For more information on Domestic Violence issues please review my Legal Guide titled “Defending Against Domestic Violence Charges.” There, I provide links to my analysis of Washington cases discussing domestic violence. Also, please go the search engine of my Blog if you have specific queries about these issues.

Finally, I am available for free consultations if you face criminal charges involving domestic violence.

Good luck!

Frisks & DV Investigations

 

In Thomas v. Dillard, the 9th Circuit Court of Appeals held that although the domestic violence (DV) nature of a police investigation is relevant in assessing whether a suspect is armed and dangerous, it is not alone sufficient to establish reasonable suspicion to search.

Palomar College Police Officer Christopher Dillard responded to a call to investigate a man pushing a woman in a public area on the college’s campus. There he found Correll Thomas, a student at the college who had been hanging out with and kissing his girlfriend, Amy Husky. Although Thomas was unarmed and in fact had committed no act of domestic violence, Dillard demanded Thomas submit to a search for weapons, believing police officers are free to conduct a Terry frisk whenever they are investigating a potential “domestic violence” incident, regardless of the specific circumstances of the call or the facts encountered at the scene. When Thomas refused to be searched, Dillard tased him. Thomas sued Dillard under 42 U.S.C. § 1983, asserting unlawful seizure and excessive force under the Fourth Amendment.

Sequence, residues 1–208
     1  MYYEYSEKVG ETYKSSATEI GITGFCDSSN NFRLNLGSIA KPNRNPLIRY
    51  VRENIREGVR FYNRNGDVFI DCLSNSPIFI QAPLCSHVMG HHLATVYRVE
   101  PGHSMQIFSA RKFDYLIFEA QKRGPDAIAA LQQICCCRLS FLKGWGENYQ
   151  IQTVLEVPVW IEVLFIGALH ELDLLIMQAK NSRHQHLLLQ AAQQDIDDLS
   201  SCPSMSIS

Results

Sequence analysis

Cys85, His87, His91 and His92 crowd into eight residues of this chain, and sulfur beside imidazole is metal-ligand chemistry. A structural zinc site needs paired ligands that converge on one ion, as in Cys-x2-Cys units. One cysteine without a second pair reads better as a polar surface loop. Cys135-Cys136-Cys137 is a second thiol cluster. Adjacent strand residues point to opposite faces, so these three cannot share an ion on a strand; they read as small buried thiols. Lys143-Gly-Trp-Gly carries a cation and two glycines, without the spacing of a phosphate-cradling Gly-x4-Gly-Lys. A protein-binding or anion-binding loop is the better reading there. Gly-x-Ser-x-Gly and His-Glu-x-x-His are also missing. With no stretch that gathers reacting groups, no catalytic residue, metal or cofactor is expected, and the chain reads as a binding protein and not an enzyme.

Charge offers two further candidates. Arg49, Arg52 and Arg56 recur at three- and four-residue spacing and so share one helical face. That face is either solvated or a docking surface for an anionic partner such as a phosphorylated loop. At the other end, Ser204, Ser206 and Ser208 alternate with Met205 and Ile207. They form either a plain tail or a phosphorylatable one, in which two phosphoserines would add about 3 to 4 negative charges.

The 9th Circuit held that although the domestic violence nature of a police investigation is a relevant consideration in assessing whether there is reason to believe a suspect is armed and dangerous, it is not alone sufficient to establish reasonable suspicion:

“Because domestic violence encompasses too many criminal acts of varying degrees of seriousness for an officer to form reasonable suspicion a suspect is armed from that label alone, we hold domestic violence is not a crime such as bank robbery or trafficking in large quantities of drugs that is, as a general matter, likely to involve the use of weapons.”